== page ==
Why Do We Do Hard Things: a meditation on challenges

By Megan Nolde, of SAGE RVA consulting, for Shockoe Bottom Performance

The CrossFit Open is coming up. You’ve probably heard about it if you’re a part of a CrossFit box or gym, or if you’re a member at our gym (Shockoe Bottom Performance). The Open is an all-call for anyone who wants to, to participate in the officially sanctioned workouts put out by Crossfit Games HQ, and test themselves against everyone else in the world. These workouts are rarely anything but hard – mentally, physically, and emotionally. They drain you. They push you. They often ask you to find yourself in the pain cave at some point along the way.

Sounds not-at-all daunting, right? (Note the sarcasm please!) So why in the world would anyone do the Open? And a bigger question that’s relevant– why do anything so challenging like this– anything that tests your limits in some way and asks you to re-evaluate your paradigm on the world?

Many among society would say it’s simple – you just don’t. Paradigm shifts, testing your limits, risking failure – these are all things that can activate your sympathetic nervous system and cause fearful feelings of threat and danger. Our sympathetic nervous systems are the things that motivate us in dangerous situations – they bring adrenaline up, fast-twitch muscle fiber on board, and a heightened sense of awareness among other things. They cause a fight or flight (or freeze or collapse) response. And why would you play with such things unnecessarily?

Popular opinion says not to. Changing our outlook as a result of facing a challenge is not easy – as human mammals we’re wired to avoid risk, shy away from change, and be afraid of the emotions associated with admitting we need to be a different version of ourselves than we have been. Paradigm shifts threaten our sense of self, they ask our brains to rewire from old habits, and they require us to reconfigure the way we know our identities. None of this is easy – neurons that fire together wire together, so making NEW connections between neurons takes effort and can be literally exhausting on its own. So again – why do it?

I can’t speak for the general populace on this one. I can only speak for myself and my experience. I can tell you, though, that one of the most important moments in my personal recovery from a traumatic past was the moment I decided to re-do last year’s Open workout – 21.2. 

Here’s the workout, if you aren’t familiar:

For time:

10 dumbbell snatches

15 burpee box jump-overs

20 dumbbell snatches

15 burpee box jump-overs

30 dumbbell snatches

15 burpee box jump-overs

40 dumbbell snatches

15 burpee box jump-overs

50 dumbbell snatches

15 burpee box jump-overs

35-lb. dumbbell, 20-in. box

Time cap: 20 min.

I did the workout once in a group with a scaled dumbbell and barely finished. I simply didn’t believe I was capable of doing the thing RX (with the 35 lb dumbbell). This despite the weight I would lift on a squat or deadlift – despite being strong enough in terms of muscles. I didn’t believe I could because I knew it would be hard – not just physically, but more importantly mentally.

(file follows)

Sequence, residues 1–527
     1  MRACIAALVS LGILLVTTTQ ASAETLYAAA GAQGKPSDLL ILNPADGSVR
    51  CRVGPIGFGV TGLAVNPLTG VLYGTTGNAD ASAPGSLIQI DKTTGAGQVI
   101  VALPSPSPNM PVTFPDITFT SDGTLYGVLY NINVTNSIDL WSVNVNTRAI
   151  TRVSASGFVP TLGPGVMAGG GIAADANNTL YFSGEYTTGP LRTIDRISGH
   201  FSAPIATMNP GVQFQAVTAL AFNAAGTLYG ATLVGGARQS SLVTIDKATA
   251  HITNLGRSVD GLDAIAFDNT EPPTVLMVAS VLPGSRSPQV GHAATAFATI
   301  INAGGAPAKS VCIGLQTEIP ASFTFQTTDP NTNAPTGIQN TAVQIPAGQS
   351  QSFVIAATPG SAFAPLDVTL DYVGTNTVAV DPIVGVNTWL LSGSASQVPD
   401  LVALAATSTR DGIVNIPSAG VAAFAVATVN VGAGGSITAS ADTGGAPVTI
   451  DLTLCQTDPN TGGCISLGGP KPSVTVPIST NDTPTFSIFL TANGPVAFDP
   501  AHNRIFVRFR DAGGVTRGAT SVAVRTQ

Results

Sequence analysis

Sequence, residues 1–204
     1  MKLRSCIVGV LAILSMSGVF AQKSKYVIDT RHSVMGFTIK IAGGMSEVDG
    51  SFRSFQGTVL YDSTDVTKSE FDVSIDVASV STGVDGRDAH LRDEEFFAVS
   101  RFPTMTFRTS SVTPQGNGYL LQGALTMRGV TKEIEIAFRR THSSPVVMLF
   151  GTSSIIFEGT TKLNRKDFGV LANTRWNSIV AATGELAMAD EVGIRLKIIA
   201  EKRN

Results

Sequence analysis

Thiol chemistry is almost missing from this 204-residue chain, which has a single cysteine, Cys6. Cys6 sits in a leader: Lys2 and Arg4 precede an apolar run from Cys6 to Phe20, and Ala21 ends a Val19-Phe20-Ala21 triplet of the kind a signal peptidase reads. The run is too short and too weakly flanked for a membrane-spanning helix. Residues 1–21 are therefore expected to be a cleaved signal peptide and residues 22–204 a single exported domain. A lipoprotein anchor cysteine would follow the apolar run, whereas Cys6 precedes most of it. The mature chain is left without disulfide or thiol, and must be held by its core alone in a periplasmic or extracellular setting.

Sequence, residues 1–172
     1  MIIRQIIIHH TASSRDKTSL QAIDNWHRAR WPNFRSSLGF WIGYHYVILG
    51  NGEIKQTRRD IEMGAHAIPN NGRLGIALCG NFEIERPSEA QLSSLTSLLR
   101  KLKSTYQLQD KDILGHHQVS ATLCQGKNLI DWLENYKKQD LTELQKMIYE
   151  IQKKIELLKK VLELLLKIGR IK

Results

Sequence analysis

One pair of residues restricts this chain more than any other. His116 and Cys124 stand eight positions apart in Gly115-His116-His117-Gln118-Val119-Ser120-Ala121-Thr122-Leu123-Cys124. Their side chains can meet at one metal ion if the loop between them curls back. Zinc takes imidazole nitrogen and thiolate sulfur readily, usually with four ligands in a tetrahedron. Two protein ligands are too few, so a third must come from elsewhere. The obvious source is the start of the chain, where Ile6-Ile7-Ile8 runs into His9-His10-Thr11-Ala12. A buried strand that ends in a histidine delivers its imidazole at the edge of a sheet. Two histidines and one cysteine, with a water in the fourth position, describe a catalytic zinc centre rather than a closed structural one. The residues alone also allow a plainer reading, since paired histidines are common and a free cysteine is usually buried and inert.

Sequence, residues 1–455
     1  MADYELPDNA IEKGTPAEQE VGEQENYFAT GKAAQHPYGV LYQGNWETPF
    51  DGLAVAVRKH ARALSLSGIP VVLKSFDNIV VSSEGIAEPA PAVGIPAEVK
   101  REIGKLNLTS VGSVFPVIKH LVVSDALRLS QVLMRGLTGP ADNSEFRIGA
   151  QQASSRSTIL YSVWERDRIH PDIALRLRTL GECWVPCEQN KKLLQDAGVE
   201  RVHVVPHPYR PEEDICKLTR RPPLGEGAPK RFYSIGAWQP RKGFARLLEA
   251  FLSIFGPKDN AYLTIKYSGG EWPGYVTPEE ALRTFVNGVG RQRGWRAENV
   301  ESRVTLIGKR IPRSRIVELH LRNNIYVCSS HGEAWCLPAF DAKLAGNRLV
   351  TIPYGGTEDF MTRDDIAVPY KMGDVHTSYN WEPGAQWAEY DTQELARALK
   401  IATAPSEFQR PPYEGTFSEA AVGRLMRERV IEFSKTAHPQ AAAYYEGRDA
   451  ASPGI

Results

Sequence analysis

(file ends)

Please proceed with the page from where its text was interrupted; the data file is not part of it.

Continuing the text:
Having a history of trauma – in my case, an abusive relationship in the past – meant I simply didn’t believe in myself enough. And, that I was afraid of feeling bad, out of breath, or physically in pain because of the associations that I had with panic attacks and my past.

But my community believed in me. I remember even now Mandi telling me that I was capable of more. I remember Ryan doing the same, and Francisco assuring me that he would help if I wanted to try it again RX. They believed in me when I didn’t.

With Francisco as my judge, I redid 21.2 solo two mornings later, the RX version. I didn’t quite finish, but it didn’t matter because the success was in facing my fears. In doing the hard thing and coming out the other side. It was definitely hard – there were so many times during that workout– those 20 minutes – that I wanted to stop, that I cried or felt terrified. But Francisco kept me going, and my desire to not be the version of me that was still afraid kept me going too.

So why do the Open? Why do anything that is challenging?

Because you will learn SO much about yourself in the process. You will grow internally. You will surprise yourself. You will overcome what you didn’t realize you needed to overcome. It’s not about the sexiness of painful workouts (is that even a thing?). It’s about the personal growth that comes with facing down our most difficult interior parts of ourselves. It’s about realizing that we are capable of more than we ever think we are. And it’s about listening to our friends who believe in us, even when we aren’t sure ourselves.

21.2 was a turning point for me. Maybe you’ll have one this Open. Maybe you’ll simply face down some challenging workouts. Either way – it’s about more than the workouts. It’s what you learn from them about yourself.